Zero Waste: A Sustainable Approach for Waste Management

Zero Waste: A Sustainable Approach for Waste Management

Saima Hamid (University of Kashmir Srina, India), Bhat Mohd Skinder (University of Kashmir, India) and Muzaffar Ahmad Bhat (Barkatullah University, India)
DOI: 10.4018/978-1-7998-0031-6.ch008

Abstract

Zero waste management means the holistic concept of waste management which recognizes waste as a resource produced during the interim phase of the process of resource consumption. Zero waste strategies may be applied to companies, to communities, industrial sectors, to schools, and homes since they include many stakeholders, not only those of the environment, but also technological aspects. Sustainability is also strongly supported by environmental protection, cost reduction, and additional jobs when it comes to waste management and handling back into the industrial cycle. Lowering global resource requirements force us to consider resource management and product management. The management of zero waste is therefore a holistic view of the sustainable avoidance and management of waste and resources. Although there are many null practice approaches and null waste approaches in the modern world, zero waste is a very complex system, and in the future, there are still many works.
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Introduction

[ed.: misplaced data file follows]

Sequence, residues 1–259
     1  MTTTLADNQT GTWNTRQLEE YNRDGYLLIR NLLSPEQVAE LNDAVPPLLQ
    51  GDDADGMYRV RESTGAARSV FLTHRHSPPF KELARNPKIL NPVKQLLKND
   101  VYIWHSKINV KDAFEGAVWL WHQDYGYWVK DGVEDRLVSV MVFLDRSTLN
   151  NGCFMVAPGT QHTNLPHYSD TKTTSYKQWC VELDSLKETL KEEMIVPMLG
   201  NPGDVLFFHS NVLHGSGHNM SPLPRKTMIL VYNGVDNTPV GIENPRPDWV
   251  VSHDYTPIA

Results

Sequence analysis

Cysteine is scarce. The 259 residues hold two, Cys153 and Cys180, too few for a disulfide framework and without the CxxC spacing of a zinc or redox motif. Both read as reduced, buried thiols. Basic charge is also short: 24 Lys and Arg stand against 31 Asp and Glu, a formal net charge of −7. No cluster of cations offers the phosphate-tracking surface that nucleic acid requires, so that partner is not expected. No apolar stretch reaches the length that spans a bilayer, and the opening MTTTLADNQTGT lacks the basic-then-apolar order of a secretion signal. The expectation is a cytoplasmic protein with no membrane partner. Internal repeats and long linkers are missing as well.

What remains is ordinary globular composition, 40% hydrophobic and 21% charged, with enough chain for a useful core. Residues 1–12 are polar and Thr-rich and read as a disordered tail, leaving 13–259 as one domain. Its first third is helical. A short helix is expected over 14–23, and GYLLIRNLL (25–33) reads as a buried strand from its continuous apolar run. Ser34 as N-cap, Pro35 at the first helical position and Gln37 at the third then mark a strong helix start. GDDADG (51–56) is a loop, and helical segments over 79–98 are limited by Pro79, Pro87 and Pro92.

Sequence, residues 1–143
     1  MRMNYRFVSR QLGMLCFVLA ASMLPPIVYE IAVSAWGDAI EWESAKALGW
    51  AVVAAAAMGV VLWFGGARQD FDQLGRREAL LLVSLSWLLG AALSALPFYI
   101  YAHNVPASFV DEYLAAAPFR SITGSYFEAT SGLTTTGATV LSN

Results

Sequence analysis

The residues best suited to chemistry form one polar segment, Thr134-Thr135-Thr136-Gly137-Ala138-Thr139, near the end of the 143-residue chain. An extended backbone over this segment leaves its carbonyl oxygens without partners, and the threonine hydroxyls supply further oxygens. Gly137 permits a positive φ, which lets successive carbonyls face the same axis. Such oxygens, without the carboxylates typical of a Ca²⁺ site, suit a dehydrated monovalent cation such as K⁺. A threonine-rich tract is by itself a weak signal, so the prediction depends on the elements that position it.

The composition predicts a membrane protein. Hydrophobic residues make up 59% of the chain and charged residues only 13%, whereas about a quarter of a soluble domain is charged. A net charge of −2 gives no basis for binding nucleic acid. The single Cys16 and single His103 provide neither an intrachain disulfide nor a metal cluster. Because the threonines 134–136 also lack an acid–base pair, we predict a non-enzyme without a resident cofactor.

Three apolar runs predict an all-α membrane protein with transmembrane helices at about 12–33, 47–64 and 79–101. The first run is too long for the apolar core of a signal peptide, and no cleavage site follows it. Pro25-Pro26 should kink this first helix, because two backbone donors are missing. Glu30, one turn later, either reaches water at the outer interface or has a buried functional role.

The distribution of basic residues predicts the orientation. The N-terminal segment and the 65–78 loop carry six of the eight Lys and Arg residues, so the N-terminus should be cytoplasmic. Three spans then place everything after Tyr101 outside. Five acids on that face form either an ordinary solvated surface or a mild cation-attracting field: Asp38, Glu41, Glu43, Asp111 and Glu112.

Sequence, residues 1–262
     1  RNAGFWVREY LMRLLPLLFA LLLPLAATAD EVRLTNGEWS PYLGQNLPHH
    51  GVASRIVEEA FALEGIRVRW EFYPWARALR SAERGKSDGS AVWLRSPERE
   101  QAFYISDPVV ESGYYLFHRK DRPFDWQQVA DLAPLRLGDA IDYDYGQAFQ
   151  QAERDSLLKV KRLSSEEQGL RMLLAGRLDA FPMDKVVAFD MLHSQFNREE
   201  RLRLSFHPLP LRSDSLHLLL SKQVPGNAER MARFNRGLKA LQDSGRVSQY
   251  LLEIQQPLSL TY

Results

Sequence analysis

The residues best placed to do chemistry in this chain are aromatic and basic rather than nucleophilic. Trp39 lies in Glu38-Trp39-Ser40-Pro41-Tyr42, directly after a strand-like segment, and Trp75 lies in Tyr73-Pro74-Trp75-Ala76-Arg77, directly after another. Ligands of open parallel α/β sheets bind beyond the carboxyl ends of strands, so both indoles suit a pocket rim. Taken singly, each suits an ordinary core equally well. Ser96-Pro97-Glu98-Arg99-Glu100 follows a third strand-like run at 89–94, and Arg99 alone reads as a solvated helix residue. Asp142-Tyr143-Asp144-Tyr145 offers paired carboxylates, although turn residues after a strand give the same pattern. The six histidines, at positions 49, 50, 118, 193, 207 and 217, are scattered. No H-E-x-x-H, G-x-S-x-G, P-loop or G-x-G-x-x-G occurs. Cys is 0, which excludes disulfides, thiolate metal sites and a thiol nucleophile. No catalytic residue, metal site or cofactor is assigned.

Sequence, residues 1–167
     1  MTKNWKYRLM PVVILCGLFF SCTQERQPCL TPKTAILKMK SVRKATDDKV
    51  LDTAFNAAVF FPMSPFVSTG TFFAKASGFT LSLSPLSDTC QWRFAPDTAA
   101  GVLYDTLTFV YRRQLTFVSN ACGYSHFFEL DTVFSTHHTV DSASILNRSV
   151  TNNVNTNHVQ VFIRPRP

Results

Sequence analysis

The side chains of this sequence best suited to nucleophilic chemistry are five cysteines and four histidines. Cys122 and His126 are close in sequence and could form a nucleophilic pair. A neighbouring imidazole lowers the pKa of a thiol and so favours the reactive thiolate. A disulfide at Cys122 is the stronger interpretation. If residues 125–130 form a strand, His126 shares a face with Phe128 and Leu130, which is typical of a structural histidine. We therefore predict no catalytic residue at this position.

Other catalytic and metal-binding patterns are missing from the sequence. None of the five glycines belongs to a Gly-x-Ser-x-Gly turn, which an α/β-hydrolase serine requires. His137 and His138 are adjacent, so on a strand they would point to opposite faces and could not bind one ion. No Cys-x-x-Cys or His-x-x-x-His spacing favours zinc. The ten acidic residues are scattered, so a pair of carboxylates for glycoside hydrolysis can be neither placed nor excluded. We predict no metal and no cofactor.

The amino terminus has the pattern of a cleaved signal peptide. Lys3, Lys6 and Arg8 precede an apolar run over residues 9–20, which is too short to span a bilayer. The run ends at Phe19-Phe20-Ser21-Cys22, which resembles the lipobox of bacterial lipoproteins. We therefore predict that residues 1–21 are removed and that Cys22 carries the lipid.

In 1973, Dr. Paul Palmer first applied the term “zero waste” to recover chemicals (Palmer, 2004). Zero waste approach is one of the most widely studied concept but still the most controversial topic in recent decades in waste management research (LaBrecque et al., 2015; Greyson et al., 2007). Zero Waste (ZW) is defined as “a system to design and management of products and processes for waste removal and material retention and rehabilitation, not burning or burying” (Zero Waste International Alliance, ZWIA, 2004). ZW is therefore concerned with waste prevention through sustainable design and consumption practices, optimal waste recovery and not waste management by landfill or incineration (Zaman, 2015). ZW supports waste prevention and avoidance rather than waste treatment and disposal strongly. It is understandable; It may however not be feasible, under the existing resource consumption and waste management systems, to achieve nil incineration and nil landfill targets. Waste was dealt with as a burden and social problem and was therefore largely managed by “end-of-pipe” solutions such as waste disposal systems (Zaman et al., 2015). The traditional waste management system, which mainly relies on sites, significantly pollutes our environment, thus requiring an improved and efficient waste management system with a limited exception in developed countries. Thus the zero-waste objective, using industrial symbiosis, recycling or “up cycling,” is to use and consume resources within a circular economic model with minimum environmental degradation, based on the “no-waste” principle from nature. Local governments and business organizations frequently use strategic waste management plans to manage waste issues (Liao et al., 2011). For a successful implementation of a waste management plan it is essential to establish an effective planning process (King et al., 2016). Several studies on the development of waste management frameworks have been conducted, including decision frameworks, legislative frameworks and hierarchical frameworks (Sentime et al., 2013). A framework assists decision-makers in understanding, improving, assessing and guiding waste management systems. The 3R principles (reduction, recycling and reuse) are among the top three in the waste hierarchy and are regarded as the founding principles of the sustainable waste management system (Murphy & Pincetl, 2013; Mason et al., 2003; Colon & Fawcett, 2006). The “3R” principles were extending to five steps in the waste hierarchy in the European Union Waste Framework Directive 2008, including prevention (avoidance), recycling (including recovery of energy) and disposal. Waste prevention is a major problem of zero waste and calls for collective social sensibility and knowledge of waste, innovation in production and business models (Cox et al., 2010). Awareness and transformative knowledge in relation to the choice of pro-environmental lifestyle are often believed to motivate behavior change (Jackson et al., 2005). Waste management and processing technologies have been used over centuries to solve waste problems (Greyson, 2007; Matete & Trois, 2008). Zero waste believes that technology alone cannot solve waste problems on the basis of community participation, service infrastructure, regulatory policy and ecological treatment technology in a sustainable manner. Nevertheless, it limits the application of waste energy (WTE), which consumes waste to make electricity (heating and electricity) and waste disposal in an “ideal” zero waste environment, between traditional waste handling and non-residual waste management. Figure 1 shows the symbolic material flux of a circular waste system, when the end-of-life product or output waste is treated and used as metabolism process (Curran & Williams, 2012; Matete & Trois, 2008).

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